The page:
If the Democrats had to have a national park in some completely inaccessible place that ties into their history, it was a close race between the moon and hell.
Two House Democrats have proposed legislation that would establish a national historical park on the surface of the moon to mark where the Apollo missions landed between 1969 and 1972.
The bill from Reps. Donna Edwards (D-Md.) and Eddie Bernice Johnson (D-Texas) would create the Apollo Lunar Landing Sites National Historical Park. The park would be comprised of all artifacts left on the surface of the moon from the Apollo 11 through 17 missions.
The bill says these sites need to be protected because of the anticipated increase in commercial moon landings in the future.
Under the legislation, the park would be established no later than one year after the bill passes and would be run jointly by the Department of the Interior and the National Aeronautics and Space Administration (NASA).
This would actually be a useless piece of Federal creep giving NASA and the DOI the power and funds to do the impossible. Neither one has access to the moon. All they can do is draw up plans for a possible future moon landing.
Furthermore if commercial flights take place to the moon, it will probably be decades from now, and none of the participants will be in any way bound by any measures of Congress.
American law does not apply to the moon. A point that is probably lost on two Democrats and members of the Congressional Black Caucus.
The measure would allow the government to accept donations from companies and foreign governments to help manage the landing sites and "provide visitor services and administrative facilities within reasonable proximity to the Historical Park."
After one year, Interior and NASA would have to reach an agreement on how to manage the site, including how to monitor it, managing access to the sites and cataloguing the items in the park.
Charles Bolden, who showed no sign of accepting Carnesale’s advice. He noted that a number of nations have expressed interest, to varying degrees, in human lunar exploration. “NASA will not take the lead on a human lunar mission,” he said. “NASA is not going to the Moon with a human as a primary project probably in my lifetime.“I don’t know how to say it any more plainly,” he concluded. “NASA does not have a human lunar mission in its portfolio and we are not planning for one.”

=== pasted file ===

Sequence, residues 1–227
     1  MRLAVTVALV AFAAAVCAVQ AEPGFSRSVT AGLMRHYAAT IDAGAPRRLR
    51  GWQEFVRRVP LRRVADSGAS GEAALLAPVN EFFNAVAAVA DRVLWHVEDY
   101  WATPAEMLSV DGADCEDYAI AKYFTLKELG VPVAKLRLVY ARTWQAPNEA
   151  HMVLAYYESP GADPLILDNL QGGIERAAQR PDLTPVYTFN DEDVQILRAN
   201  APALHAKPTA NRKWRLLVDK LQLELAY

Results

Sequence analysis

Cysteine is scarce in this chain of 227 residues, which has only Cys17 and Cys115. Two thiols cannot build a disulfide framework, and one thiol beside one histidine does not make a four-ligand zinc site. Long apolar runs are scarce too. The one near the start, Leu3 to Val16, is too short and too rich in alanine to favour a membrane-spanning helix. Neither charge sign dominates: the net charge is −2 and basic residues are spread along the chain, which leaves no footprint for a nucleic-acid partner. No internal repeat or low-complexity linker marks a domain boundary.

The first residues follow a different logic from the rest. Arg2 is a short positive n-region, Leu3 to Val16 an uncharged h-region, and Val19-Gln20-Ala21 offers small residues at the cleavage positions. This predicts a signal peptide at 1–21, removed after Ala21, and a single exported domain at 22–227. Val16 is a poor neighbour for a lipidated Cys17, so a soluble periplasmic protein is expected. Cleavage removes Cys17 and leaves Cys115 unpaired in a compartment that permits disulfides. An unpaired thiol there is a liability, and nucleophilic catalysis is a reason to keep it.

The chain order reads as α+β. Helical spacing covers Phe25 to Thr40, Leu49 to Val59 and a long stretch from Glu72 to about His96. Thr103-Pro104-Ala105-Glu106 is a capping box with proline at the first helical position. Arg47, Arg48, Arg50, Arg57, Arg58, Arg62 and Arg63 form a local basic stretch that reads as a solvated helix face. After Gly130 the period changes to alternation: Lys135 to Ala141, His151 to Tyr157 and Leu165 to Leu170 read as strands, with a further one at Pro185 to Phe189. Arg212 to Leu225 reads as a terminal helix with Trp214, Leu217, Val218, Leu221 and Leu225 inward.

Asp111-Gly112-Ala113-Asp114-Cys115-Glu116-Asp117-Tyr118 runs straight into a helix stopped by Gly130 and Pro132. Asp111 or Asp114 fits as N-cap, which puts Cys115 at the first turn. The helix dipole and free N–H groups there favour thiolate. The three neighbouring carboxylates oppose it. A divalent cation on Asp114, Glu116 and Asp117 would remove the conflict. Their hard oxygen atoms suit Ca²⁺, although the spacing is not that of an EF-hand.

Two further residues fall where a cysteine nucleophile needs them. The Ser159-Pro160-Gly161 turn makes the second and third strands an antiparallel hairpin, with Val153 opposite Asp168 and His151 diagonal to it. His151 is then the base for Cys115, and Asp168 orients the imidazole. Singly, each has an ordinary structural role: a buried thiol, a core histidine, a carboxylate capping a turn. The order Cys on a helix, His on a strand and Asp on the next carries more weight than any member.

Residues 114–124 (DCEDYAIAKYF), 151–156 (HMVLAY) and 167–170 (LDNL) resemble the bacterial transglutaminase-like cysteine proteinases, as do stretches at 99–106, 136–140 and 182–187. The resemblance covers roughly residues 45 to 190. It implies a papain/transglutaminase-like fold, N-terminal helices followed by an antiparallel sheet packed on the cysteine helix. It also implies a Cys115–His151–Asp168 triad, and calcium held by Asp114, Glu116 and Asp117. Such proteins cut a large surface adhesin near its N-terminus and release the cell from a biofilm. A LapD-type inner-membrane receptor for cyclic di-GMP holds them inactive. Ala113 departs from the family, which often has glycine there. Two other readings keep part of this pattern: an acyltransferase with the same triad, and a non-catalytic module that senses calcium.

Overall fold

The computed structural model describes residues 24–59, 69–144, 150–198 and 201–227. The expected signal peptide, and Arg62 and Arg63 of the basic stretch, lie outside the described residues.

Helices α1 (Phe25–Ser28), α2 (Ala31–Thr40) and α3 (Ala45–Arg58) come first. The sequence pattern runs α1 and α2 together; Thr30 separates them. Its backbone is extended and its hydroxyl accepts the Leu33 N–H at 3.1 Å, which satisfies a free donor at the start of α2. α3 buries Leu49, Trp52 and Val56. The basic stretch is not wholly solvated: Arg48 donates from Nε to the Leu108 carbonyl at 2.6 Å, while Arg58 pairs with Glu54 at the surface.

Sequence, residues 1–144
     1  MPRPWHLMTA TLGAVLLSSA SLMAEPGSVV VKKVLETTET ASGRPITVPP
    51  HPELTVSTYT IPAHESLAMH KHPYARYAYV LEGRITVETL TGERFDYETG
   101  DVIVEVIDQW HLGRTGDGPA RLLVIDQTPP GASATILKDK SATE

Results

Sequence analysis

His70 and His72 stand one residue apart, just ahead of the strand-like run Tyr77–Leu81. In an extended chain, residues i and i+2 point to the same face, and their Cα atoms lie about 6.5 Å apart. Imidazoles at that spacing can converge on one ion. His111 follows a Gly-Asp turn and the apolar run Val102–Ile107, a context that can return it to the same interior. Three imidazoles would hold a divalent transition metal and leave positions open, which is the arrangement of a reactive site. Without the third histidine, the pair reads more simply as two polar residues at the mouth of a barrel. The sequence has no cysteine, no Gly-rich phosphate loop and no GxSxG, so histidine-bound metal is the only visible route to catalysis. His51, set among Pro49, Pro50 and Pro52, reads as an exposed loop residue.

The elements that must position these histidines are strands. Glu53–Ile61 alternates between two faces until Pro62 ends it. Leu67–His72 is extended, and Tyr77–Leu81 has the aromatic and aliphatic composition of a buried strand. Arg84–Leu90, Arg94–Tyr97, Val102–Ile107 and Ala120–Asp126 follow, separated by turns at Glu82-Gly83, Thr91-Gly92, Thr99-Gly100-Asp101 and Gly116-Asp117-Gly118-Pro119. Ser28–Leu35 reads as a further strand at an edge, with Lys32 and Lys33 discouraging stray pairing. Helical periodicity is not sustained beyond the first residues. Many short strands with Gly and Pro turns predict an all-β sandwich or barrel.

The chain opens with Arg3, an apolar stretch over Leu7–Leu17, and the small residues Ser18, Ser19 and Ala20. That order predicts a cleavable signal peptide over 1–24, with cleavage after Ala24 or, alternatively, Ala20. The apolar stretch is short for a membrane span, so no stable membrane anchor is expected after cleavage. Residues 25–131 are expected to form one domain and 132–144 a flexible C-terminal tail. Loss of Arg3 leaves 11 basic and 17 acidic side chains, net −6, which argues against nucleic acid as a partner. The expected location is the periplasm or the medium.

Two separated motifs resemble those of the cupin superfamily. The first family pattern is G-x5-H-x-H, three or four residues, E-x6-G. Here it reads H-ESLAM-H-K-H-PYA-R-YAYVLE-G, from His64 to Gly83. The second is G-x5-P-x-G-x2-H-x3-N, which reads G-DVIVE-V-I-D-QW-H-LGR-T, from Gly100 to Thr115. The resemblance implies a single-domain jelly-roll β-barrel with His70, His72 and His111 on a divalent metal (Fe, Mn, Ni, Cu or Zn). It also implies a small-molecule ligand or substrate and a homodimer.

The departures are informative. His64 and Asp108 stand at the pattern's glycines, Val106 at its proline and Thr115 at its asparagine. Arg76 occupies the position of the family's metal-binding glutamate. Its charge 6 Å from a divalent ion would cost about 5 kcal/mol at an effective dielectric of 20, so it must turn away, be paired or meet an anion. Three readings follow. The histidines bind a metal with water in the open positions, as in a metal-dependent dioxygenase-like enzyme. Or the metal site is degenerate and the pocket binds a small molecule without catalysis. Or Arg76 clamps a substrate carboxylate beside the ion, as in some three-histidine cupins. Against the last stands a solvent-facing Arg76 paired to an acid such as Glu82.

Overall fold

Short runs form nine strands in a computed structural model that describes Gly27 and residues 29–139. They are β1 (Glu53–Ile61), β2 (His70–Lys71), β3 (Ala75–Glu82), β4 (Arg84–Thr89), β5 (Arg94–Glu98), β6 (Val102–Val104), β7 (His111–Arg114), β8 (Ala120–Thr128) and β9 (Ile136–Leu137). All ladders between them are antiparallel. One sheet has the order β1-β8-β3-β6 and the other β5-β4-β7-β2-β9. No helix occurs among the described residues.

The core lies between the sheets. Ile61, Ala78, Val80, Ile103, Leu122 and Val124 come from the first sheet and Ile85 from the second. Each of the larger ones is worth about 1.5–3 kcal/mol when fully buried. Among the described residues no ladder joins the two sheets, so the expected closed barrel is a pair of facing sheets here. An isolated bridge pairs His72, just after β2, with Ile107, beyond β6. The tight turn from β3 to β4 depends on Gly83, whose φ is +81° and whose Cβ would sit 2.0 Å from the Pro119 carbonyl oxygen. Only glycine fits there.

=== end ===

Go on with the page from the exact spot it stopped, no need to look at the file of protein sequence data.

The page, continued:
"America’s only path to low Earth orbit and the International Space Station will now be subject to an agreement with Russia to purchase space on their Soyuz (at a price of over 50 million dollars per seat with significant increases expected in the near future) until we have the capacity to provide transportation for ourselves. The availability of a commercial transport to orbit as envisioned in the President’s proposal cannot be predicted with any certainty, but is likely to take substantially longer and be more expensive than we would hope."It appears that we will have wasted our current ten plus billion dollar investment in Constellation and, equally importantly, we will have lost the many years required to recreate the equivalent of what we will have discarded.
For The United States, the leading space faring nation for nearly half a century, to be without carriage to low Earth orbit and with no human exploration capability to go beyond Earth orbit for an indeterminate time into the future, destines our nation to become one of second or even third rate stature. While the President's plan envisages humans traveling away from Earth and perhaps toward Mars at some time in the future, the lack of developed rockets and spacecraft will assure that ability will not be available for many years.
Without the skill and experience that actual spacecraft operation provides, the USA is far too likely to be on a long downhill slide to mediocrity. America must decide if it wishes to remain a leader in space. If it does, we should institute a program which will give us the very best chance of achieving that goal.
Commander, Apollo 11